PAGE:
Escambia: Carl Madison, a longtime football coach at Tate High School and a member of the Florida High School Athletic Association Hall of Fame, died Sunday at the age of 93. He led the team to the 1980 state championship and Tate High renamed its football field in his honor in 2022. Pensacola News Journal. WEAR.

Colleges and universities: Jacksonville University’s law school has received provisional accreditation from the American Bar Association just 18 months after opening. Graduates will now be able to take the Bar exam required to practice and can be considered for clerkships and other jobs. “It’s a big, big deal,” said dean Nicholas Allard. Florida Times-Union. Jacksonville Today. The University of Florida’s journalism school has received an $8 million gift from Gainesville developer Nathan Collier. Gainesville Sun. A federal jury has found Andrea Mitchell and Lester Best, both of Tampa, guilty of stealing $835,000 in financial aid intended for an unnamed higher education institution in Florida that “awards, associate degrees, certificates and diplomas.” U.S. Department of Justice.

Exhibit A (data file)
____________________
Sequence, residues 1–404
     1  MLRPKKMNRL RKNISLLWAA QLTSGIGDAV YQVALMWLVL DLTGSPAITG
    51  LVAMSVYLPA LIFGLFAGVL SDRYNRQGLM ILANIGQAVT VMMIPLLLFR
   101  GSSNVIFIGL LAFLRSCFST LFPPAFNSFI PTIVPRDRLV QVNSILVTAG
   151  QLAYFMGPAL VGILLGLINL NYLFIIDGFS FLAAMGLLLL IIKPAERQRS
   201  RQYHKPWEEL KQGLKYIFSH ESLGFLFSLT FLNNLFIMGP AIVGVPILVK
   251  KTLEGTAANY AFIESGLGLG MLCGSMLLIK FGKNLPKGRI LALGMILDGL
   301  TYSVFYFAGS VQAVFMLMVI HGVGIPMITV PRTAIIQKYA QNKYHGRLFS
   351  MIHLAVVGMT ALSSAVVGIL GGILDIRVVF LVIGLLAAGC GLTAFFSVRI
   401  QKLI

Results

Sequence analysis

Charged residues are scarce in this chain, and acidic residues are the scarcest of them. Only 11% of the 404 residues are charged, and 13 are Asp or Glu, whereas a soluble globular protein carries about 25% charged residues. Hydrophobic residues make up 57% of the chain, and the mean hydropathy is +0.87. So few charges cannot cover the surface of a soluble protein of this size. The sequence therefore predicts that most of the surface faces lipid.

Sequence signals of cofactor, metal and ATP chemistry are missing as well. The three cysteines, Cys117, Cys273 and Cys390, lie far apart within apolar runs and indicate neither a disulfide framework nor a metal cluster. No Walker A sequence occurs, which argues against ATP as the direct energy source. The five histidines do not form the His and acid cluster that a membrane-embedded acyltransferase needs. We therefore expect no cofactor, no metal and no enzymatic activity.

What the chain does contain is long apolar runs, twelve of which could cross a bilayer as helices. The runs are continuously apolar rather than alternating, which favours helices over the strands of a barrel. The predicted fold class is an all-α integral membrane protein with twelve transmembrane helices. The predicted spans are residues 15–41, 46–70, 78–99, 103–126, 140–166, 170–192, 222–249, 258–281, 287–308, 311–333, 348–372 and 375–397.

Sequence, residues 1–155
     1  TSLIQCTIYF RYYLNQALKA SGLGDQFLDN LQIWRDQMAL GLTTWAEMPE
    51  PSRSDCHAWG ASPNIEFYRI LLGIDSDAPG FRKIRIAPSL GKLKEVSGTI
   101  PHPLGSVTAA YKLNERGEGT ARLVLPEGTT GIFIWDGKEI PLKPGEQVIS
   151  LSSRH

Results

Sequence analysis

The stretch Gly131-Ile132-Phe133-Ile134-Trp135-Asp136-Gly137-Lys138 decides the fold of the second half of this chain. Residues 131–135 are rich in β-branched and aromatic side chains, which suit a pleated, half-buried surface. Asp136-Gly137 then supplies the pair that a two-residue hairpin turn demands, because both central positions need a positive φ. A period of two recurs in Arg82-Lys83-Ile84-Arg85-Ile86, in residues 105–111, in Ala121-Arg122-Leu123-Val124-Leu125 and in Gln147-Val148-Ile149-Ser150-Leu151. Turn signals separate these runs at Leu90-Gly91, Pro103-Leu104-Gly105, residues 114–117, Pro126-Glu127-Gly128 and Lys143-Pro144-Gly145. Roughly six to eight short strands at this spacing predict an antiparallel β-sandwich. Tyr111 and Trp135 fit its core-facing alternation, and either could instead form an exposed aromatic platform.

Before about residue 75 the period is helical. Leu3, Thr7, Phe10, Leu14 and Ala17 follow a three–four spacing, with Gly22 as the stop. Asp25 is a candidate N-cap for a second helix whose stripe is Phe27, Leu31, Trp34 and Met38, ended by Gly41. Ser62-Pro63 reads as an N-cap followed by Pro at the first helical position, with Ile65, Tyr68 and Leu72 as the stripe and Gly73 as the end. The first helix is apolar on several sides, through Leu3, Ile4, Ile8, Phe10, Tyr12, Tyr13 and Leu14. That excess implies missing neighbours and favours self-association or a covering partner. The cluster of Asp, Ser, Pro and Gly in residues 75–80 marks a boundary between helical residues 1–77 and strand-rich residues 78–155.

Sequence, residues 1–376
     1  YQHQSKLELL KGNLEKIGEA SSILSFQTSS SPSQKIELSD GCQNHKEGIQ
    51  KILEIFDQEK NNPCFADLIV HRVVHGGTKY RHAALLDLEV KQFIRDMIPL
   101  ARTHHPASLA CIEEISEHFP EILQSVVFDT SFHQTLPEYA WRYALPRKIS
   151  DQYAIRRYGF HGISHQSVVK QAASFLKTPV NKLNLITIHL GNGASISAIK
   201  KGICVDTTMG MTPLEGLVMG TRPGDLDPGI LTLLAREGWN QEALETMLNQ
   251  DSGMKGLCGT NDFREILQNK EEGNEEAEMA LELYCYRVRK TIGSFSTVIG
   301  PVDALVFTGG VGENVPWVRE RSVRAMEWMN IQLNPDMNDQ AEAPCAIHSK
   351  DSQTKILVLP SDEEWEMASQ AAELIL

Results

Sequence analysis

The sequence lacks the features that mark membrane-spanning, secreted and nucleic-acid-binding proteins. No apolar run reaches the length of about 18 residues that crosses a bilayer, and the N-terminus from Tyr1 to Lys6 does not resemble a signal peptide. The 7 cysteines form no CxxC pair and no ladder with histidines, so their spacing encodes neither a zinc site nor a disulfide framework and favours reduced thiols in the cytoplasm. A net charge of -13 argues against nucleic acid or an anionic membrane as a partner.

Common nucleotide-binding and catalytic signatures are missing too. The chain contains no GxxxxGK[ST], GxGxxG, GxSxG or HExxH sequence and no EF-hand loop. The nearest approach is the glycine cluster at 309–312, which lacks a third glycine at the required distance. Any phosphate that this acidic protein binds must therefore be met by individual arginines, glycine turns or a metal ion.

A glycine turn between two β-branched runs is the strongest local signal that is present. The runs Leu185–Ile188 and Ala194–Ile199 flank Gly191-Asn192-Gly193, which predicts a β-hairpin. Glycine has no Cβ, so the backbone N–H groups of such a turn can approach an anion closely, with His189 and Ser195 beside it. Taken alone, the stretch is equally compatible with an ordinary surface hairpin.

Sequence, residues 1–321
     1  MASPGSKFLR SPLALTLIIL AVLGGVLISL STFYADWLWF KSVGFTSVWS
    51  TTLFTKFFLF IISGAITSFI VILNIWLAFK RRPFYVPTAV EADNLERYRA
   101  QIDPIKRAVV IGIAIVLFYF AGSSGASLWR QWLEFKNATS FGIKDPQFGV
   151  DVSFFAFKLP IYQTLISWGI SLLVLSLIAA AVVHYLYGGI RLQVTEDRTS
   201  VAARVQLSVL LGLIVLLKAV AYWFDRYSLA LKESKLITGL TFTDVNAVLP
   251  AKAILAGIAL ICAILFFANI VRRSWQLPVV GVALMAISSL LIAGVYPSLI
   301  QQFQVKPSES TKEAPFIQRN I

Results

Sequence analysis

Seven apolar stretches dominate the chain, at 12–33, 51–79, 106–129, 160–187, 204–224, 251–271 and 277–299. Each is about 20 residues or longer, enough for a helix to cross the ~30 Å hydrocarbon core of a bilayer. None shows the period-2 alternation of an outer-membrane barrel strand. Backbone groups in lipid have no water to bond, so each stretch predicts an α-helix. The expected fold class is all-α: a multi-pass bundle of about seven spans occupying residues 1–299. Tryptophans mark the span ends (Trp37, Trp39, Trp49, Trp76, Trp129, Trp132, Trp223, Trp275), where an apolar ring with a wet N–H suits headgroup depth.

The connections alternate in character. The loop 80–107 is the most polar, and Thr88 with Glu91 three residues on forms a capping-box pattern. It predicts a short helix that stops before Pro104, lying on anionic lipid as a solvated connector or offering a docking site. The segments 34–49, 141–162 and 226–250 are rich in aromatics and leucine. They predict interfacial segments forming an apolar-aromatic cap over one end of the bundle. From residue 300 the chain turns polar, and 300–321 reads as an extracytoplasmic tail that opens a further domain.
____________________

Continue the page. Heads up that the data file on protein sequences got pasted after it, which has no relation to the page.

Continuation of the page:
Opinions on schools: A massive increase in non-teaching staff in public schools is partially to blame for average U.S. teacher salaries declining since 2002 while spending per pupil has increased. Whatever it is that all those non-teaching staff are doing, it sadly doesn’t seem to have much to do with student learning. Matthew Ladner, NextSteps. The Legislature ought to change existing policy to make it possible for families to use their Family Empowerment Scholarship at hybrid schools. This subtle but important change would help Florida remain a leader in delivering bang-for-buck in education. William Mattox, Florida Politics.

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BY NextSteps staff